With a charming Irish accent and twinkling blue eyes, Maria McGrath speaks distinctly, but I would never have known she was a stutterer if that had not been the topic of our conversation.
After a childhood marked by stammering, McGrath is no longer at a loss for words, thanks in large part to hard work and a series of practices that encompass the “Beyond Stammering” McGuire Program, which is designed to assist people like her.
“Speak slowly and carry a big toolbox of techniques” could be the slogan for this multipronged approach, which works to help free people from stuttering and stammering. McGrath’s husband, Dave McGuire, founded the program in Holland more than 20 years ago and it now boasts satellites in Australia, Ireland, New Zealand, Scandinavia, South Africa and the United Kingdom, where thousands of people have benefited from the practical training and supportive approach.
With a huge boost in awareness from the Oscar-nominated film The King’s Speech, (the story of Britain’s King George VI, his ascension to the throne and the speech therapist who helped him), coupled with McGrath and McGuire’s marriage at 10 a.m. on 10.10.10 at the Santa Barbara Mission, she is now working from their home base in Santa Barbara to expand the program in the United States and help others the way she was helped many years ago.
“I always went to speech therapy as a child,” said McGrath, who grew up in Ireland. “But they had to take you out of class. Everyone knew what you were doing, but you didn’t talk about it and that just made you feel more left out. So it never really helped.”
Speech problems had an impact on much of her life. For example, as a child she was a very good golfer, but would purposely lose tournaments so she wouldn’t have to make an acceptance speech afterward. Now she golfs as often as she can and has taken up tennis as well, with few worries about the social aspects of both sports.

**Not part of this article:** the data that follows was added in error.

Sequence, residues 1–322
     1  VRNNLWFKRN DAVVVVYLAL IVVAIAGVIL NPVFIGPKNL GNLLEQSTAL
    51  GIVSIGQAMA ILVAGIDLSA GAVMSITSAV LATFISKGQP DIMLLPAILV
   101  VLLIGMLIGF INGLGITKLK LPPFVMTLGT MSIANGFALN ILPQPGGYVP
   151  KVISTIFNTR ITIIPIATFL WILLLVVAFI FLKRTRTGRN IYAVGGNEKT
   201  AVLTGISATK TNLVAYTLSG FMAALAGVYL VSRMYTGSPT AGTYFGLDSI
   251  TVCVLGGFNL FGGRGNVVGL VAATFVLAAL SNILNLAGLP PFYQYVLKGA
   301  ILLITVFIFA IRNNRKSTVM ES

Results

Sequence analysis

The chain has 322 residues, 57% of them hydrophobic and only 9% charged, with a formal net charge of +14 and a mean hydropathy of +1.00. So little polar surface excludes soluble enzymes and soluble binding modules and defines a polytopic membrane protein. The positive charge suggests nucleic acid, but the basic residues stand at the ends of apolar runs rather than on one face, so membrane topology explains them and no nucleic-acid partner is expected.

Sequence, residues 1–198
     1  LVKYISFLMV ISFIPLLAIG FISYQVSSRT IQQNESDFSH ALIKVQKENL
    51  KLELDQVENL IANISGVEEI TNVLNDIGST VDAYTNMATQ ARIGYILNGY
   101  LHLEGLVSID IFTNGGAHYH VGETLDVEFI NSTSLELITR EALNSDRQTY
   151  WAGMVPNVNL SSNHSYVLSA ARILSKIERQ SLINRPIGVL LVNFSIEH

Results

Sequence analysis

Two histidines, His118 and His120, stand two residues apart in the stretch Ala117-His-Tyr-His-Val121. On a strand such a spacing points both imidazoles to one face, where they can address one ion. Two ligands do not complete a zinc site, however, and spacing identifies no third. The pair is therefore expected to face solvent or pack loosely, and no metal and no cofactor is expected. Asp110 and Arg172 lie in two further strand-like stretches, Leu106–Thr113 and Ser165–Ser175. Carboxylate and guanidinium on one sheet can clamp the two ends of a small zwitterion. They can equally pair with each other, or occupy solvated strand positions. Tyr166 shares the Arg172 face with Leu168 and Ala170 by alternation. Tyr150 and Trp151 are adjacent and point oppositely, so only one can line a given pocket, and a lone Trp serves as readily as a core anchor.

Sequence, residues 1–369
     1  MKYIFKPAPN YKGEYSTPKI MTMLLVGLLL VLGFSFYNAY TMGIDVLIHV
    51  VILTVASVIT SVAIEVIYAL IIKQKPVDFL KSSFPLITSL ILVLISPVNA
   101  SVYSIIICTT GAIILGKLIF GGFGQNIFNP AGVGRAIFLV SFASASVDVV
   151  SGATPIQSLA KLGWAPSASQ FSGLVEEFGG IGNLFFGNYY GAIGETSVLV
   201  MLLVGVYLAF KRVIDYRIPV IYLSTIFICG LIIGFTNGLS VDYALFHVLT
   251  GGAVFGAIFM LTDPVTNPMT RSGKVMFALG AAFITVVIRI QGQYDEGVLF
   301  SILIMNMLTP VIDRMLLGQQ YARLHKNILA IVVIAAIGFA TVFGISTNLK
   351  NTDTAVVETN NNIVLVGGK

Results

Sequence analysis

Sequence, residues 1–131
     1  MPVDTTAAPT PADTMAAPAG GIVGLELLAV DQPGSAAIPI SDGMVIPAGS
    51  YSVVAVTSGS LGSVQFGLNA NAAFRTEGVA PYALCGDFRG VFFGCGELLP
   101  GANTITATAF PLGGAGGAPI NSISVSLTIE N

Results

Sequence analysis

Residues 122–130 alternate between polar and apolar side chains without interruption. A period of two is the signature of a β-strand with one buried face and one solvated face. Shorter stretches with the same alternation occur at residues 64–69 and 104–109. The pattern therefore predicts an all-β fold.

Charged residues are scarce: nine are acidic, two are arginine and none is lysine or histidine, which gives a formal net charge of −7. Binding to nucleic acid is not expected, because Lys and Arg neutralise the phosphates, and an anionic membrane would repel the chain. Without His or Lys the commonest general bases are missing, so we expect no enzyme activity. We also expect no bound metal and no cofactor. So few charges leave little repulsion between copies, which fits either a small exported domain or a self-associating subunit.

An accountant by trade, after college McGrath left Ireland and moved to England, where she tried several speech therapy courses that were ultimately ineffective.
“It would help for a week or two and then I would go back and I’d feel let down and think, ‘Oh, God, this is not going to work again,’” she said.
The first time she tried the McGuire Program it didn’t entirely stick either.
“I didn’t apply myself to it how I ought to have,” McGrath admitted.
But after a short period of time she went back again and really committed to it.
“It’s hard work, both during the program (which can vary in length from days to weeks) and also afterward. It’s not a cure — you have to continue to work on it,” McGrath is quick to point out.
The Beyond Stammering program encourages graduates to return and help others, which in turn helps them work on their skills.
“There’s a massive support group out there, which is one of the keys,” McGrath said. “You can call up people anytime.”
McGrath says she is frequently on Skype with fellow students from around the world. They call on each other if they are having problems or want to practice to prepare for an interview or some other kind of stressful speaking situation.
But even the most common everyday situations — like ordering coffee or going to the post office — can be very stressful for stutterers, especially if there’s a line of people waiting behind them, she says.